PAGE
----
Not to blast my own audience, but I’ve come to realize that while people will read books, they don’t “log on” to the internet to read novels. Anything outside of 140 characters takes up too much time. This, I understand, as even I will see the headline of an article and immediately assume that I’ve read the whole thing. Less is more, so here’s my attempt at less. Recently, a friend of mine, a good friend of mine, actually, who I have never met outside of the realm of virtual reality, asked me to speak at a meeting. It didn’t go very well, not in my opinion anyway, and the people in attendance said I did a good job. Of course, they did. What are they going to say? “Josh, that was terrible; please don’t ever waste our time again.” That’s the beautiful thing about having to-slash-wanting to be at these meetings – the other people are obligated to listen. Anyhow, the “speech” didn’t turn out the way I wanted it to because, all things considered, I never felt as though I deserved to be speaking, and in the week leading up to the speech, I spent a lot of time wondering what the purpose or reason could be that I was asked to do so. I believe the answer has been revealed to me, which is something to the effect of, “you don’t know much about anything, so shut up and listen.” Point taken, God.
Ironic, sure, as I am about to write and subsequently post this on social media platforms with the idea that I’ve figured something out; however, I believe I have. In another meeting not long ago (last night), the person running the show led the meeting by illustrating a story about a friend of theirs leaping off a balcony after a court hearing gone awry. Generally, I don’t prefer hearing stories like that, but they are necessary insofar as they are reminders of a couple of things, 1) If I think things are bad now, they can undoubtedly get worse, 2) just how awful it is whilst operating outside of God’s will; and, therefore, the other guy’s, and 3) maybe my life situation isn’t that fucking bad. In any case, oftentimes, when people offer up their alibis as to why they want to take themselves out, their reasoning is extremely detached from reality. This, we all know, but there are plenty of cases where the suicidal one presents logical and reasonable, well, reasons as to why they want to. It’s frightening yet true. If the one in question were to say, “Look around! This place is awful. It seems to be controlled by the one they named “Boss Universal,” and I don’t want to be a part of a world like that,” is that not logical? Absolutely, it is logical, but we all can agree that if one were to carry out their plot, reasonable as it is, it would be detrimental to, obviously, them, but to the people around them and society at large. (Either that, or it wouldn’t be detrimental, which circles us back to sometimes it makes sense..)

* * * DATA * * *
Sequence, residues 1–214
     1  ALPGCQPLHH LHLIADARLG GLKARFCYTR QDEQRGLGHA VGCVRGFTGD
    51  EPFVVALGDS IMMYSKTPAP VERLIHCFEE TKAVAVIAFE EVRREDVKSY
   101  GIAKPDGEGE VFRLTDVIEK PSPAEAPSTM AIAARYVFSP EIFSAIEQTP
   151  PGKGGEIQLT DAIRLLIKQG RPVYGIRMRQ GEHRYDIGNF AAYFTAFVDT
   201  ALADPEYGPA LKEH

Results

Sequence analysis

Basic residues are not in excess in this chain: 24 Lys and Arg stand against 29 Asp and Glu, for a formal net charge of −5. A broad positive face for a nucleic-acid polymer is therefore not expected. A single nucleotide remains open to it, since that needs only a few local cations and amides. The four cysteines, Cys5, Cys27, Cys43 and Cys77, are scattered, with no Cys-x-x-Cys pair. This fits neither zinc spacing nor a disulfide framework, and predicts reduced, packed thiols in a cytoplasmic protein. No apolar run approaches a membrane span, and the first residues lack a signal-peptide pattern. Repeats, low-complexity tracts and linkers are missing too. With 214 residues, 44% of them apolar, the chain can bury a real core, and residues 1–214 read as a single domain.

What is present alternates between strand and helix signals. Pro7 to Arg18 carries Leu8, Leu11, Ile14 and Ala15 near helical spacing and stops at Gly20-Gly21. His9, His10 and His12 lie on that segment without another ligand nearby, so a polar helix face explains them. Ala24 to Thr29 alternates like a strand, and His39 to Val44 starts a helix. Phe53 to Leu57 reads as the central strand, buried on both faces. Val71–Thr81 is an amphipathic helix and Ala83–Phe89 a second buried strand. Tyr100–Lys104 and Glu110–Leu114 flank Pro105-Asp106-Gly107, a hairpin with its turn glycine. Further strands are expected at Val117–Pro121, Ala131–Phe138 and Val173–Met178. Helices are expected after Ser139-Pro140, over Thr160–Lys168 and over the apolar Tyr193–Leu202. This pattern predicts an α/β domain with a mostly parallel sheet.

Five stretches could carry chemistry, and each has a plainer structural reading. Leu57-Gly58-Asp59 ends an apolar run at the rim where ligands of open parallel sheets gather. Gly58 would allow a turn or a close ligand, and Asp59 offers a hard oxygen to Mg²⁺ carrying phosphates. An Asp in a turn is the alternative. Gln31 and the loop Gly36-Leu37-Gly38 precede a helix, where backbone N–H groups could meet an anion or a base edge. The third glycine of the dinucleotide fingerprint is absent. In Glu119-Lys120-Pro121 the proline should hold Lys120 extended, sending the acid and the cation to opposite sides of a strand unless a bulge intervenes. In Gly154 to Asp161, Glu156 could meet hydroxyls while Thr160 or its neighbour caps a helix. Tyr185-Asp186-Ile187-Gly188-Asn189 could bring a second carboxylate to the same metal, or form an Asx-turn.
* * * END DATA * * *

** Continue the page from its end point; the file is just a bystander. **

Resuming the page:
Suicide is a rapid escalation through one’s hierarchy of presuppositions. I’m not suggesting I’ve gotten to this place, but here is an example: Hardly anybody reads anything I write-> Maybe I’m not good at this; maybe I suck at it-> I’ve invested so much time into writing; I have wasted years of my life-> My life is a waste-> Why don’t I just jump? A person in a neurotic or depressed state has little-to-no resistance to this escalation, and the petrifying thing about it is that it can, at times, make perfect sense. Yes, of course, the way (or at least a singular way) out of this ascent to the end, let’s say, is to change one’s core beliefs or presuppositions. Something like: At least five people read what I’ve written-> Perhaps one of those five took something from it-> I might be good at this-> I can reach more people if I continue-> How about I stick it out?
However, that’s not why I’m writing this. I’m not writing this simply to say that I (or we) need to change our core beliefs or suppositions. That’s recovery jargon (albeit true) that everybody fresh out of rehab who wants to be a counselor says. It’s trite, and it’s annoying. The point is that logic and reason are weapons of the evil one, and they are in direct opposition to faith. “What is logic in an illogical existence?” Ultimately, faith, in whatever, I don’t care; I’m not here to push an agenda, although you probably know what or who I’m referring to, is the way out – is the way to alter one’s beliefs or notions. Charles Barkley depicts a certain diet that NBA players who need to lose weight should be on, “If it tastes good, spit it out.” Perhaps not quite as similar, but if something makes sense, if it is logical, if it is reasonable, “spit it out.” That’s dangerous territory.
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